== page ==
Soldiers of the future, wounded on the battlefield, will no longer be rushed off the scene but will essentially be frozen in time until they can be safely evacuated to a medical facility.
That is what is being planned by the Defense Advanced Research Projects Agency (DARPA), writes Live Science.
The inspiration for the sci-fi sounding response is actually from a more down-to-earth, indeed microscopic, origin.
Tardigrades are tiny eight-legged ‘micro-animals’ that exist mostly in wet environs but can dwell anywhere thanks to a process called ‘cryptobiosis’. When the microscopic creatures enter an environment not conducive to their life-cycle, they tardigrades slow down their biological processes to the point of cessation, allowing them to survive for tremendous amounts of time in areas of dehydration, freezing and even dangerous levels of radiation.
“Nature is a source of inspiration for the project,” explained Tristan McClure-Begley, the program manager of Biostasis, a group assisting DARPA.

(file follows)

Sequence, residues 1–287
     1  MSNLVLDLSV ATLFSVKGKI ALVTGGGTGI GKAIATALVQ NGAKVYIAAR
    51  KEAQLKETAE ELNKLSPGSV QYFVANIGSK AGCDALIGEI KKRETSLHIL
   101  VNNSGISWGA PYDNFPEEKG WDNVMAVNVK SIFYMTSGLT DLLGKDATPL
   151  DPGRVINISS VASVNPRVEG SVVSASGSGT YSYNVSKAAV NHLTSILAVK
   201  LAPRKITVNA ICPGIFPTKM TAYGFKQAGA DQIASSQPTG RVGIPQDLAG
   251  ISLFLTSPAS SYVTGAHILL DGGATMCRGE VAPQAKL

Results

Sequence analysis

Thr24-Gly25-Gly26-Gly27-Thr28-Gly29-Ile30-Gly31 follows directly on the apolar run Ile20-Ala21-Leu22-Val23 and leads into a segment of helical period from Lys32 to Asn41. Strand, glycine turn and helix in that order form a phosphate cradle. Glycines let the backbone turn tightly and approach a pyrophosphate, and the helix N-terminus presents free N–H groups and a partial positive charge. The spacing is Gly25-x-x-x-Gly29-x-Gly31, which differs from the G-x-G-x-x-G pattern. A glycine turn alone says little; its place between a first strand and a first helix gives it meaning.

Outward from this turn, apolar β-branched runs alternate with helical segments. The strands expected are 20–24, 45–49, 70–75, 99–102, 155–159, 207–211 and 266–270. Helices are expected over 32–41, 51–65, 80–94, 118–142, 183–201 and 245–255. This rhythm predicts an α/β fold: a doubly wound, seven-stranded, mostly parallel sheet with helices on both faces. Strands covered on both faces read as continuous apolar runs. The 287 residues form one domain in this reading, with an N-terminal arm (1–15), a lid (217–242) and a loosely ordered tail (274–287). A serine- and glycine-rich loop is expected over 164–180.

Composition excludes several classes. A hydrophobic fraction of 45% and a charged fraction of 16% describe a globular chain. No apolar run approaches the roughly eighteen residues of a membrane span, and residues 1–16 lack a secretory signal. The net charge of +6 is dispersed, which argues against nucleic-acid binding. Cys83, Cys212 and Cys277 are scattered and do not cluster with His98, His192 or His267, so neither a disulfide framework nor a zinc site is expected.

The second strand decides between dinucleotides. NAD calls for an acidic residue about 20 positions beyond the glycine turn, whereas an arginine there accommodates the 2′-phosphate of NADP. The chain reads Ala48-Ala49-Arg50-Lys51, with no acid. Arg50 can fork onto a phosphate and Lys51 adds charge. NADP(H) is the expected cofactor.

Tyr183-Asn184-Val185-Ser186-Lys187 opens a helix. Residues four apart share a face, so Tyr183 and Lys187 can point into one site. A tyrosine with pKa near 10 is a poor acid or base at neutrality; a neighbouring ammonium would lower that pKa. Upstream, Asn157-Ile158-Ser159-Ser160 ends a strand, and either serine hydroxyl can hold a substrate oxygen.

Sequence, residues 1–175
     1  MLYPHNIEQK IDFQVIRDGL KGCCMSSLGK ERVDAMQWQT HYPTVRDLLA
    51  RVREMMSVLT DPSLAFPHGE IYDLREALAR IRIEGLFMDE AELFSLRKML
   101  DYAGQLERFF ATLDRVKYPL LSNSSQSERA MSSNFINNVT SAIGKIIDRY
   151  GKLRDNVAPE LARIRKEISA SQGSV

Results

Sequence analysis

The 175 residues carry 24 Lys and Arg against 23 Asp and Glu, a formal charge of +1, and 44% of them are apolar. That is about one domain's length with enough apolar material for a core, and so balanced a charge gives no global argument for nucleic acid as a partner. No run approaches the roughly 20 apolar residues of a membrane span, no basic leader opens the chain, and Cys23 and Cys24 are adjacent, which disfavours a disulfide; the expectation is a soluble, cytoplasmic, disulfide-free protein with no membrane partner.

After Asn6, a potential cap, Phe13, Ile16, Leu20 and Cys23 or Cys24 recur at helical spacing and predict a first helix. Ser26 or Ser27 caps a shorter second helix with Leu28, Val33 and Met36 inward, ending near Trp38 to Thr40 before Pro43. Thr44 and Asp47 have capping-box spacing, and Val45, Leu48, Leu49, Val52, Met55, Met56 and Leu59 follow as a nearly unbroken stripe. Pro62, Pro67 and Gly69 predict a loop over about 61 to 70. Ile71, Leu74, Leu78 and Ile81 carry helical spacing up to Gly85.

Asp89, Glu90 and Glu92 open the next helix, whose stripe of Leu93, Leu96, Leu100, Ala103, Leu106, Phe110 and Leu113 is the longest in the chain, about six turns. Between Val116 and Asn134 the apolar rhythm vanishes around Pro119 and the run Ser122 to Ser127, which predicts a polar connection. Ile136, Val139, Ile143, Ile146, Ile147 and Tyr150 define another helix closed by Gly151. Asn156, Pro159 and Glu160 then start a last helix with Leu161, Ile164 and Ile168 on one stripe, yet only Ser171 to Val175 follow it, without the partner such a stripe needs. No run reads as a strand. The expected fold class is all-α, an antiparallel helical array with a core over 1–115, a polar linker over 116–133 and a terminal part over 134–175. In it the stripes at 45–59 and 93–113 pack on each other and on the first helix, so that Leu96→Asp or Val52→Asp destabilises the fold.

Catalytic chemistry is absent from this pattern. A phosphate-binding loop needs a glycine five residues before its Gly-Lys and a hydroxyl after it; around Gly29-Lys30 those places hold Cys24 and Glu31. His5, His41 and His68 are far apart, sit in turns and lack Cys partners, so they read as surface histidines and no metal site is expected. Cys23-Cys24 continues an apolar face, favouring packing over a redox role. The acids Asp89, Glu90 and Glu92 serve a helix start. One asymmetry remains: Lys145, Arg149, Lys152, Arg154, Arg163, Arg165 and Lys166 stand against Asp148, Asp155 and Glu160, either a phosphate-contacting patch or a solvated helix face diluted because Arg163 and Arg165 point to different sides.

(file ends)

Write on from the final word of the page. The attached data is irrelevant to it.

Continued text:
— David Icke (@davidicke) March 4, 2018
A cryptobiotic system adapted for humans would also slow down the biological functions of a wounded soldier, essentially freezing time for the victim. In this state, medical professionals would be given much more time to obtain the injured individual which means the chances of their survival dramatically increase.
DARPA has termed this “slowing life to save a life.”
“Our goal with Biostasis is to control those molecular machines and get them to all slow their roll at about the same rate, so that we can slow down the entire system gracefully and avoid adverse consequences when the intervention is reversed or wears off,” McClure-Begley said.
The research into such a method is currently focused on experimenting with ways to slow down biochemical processes in cells and tissues and later building that up to cover the entire organism. According to DARPA, a successful procedure would be one in which all measurable biological functions within a system are slowed down and do not imperil cellular operations when the biological system is restored to “normal speed”.
— Live Science (@LiveScience) March 5, 2018
For those interested in learning more about the project, Biostasis is offering a webinar on March 20 at 12:30 p.m. EDT.
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